A Hard Decision
by Westley Thomas

"I didn’t ask to be born. If I ever find out who my old man is, I’ll kill the bastard."

War, as a fulcrum for drama, has spawned innumerable novels, plays, and movies. The Vietnam War certainly continued that tradition. Oliver Stone’s Platoon and Michael Cimino’s The Deer Hunter both captured the Oscar for Best Picture. They put forth unflinching looks not only of the horror of war, but also its devastating aftermath on those who participated. Stanley Kubrick’s Full Metal Jacket took viewers into the brutality of training and the hell of battle. Francis Ford Coppola’s Apocalypse Now showed how easily war could blossom into full-blown insanity. This introspection of the emotional and physical toll that the Southeast Asian war wrought on individuals continued with Ron Kovic‘s Born On The Fourth of July, Hal Ashby’s Coming Home, and David Rabe’s Streamers.

With such acclaimed predecessors as those above, plus many others not mentioned, it is hard to imagine a work that would break new ground using Vietnam as the pivotal spark for a new examination of war and its traumatic effects. Thomas makes a valiant attempt in A Hard Decision. It is an attempt, perhaps more successful in the trial than in the outcome, for this military veteran who has made a sincere effort to dramatize various forms of calamity that war can visit on both warriors and their loved ones.

The plot is steeped in tragedy and terrible twists of fate. William and Steve are both mistreated prisoners of war. Steve returns to the States at war’s end, but William is thought lost, and his pregnant fiancé, Zera, is told by the military that he has been killed. She miscarries. Steve and Zera later fall in love and marry. She then becomes pregnant with Steve’s child. Sometime later, William miraculously reappears and wants to reclaim his love and restart his life with Zera. Too much has transpired, however, and Zera decides to stay with Steve. William begins to suffer from post-traumatic stress disorder and is lucky enough to find and fall in love with Margarite, Zera’s good friend and the mother of a young girl from a previous marriage. Oddly, the two families maintain a friendship, and it looks as if life may finally be working out for all of them. Then destiny raises its malevolent head again as Steve is attacked by a gang of young toughs. William rushes to aid his friend who has been stabbed and perhaps mortally wounded. Then he, too, is accosted. Will Steve make it? Will William? What will happen to Zera, Margarite, and the children if their fathers don’t survive? As the narrative unwinds, each of the principals faces multiple hard decisions, hence the title.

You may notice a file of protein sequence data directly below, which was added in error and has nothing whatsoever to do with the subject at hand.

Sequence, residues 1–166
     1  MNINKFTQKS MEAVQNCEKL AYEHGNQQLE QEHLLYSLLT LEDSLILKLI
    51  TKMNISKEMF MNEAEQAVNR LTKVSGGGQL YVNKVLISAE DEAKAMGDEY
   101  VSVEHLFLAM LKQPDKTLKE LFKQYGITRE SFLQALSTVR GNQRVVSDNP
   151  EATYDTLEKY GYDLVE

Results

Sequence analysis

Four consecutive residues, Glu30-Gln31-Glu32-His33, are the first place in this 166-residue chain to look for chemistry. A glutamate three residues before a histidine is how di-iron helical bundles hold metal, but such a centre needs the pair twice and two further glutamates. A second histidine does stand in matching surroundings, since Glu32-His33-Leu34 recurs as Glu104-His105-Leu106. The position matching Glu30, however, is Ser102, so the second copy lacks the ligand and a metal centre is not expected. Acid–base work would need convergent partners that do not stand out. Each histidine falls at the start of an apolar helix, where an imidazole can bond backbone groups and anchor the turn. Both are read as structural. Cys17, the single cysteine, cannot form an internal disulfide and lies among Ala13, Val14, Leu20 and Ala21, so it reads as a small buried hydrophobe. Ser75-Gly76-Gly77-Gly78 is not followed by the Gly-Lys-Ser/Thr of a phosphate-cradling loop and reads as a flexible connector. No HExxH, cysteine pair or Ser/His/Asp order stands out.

The author has chosen to construct his story in the form of a play, actually more of a screen play, with both actors’ direction and scene exposition embedded within consecutive acts. This construction proves both a benefit and a detriment. It allows the writer to make huge leaps forward in time to cover the passing of years and the growth of relationships, but does not supply the needed motivation for changes in characters’ behavior, resulting in rather jarring social situations. Such construction also requires that the dialogue between the players must advance the story as well as making it compelling. It does the former well enough, yet the latter contains stilted lines often lack the ring of real life.

As a recollection of the Vietnam era and the huge interpersonal questions the war raised, Thomas' book is an earnest effort to show the need for perseverance in dealing with the many tragedies that particular war inflicted. Perseverance is a virtue every conflict has required and will continue to do so as long as war exists.

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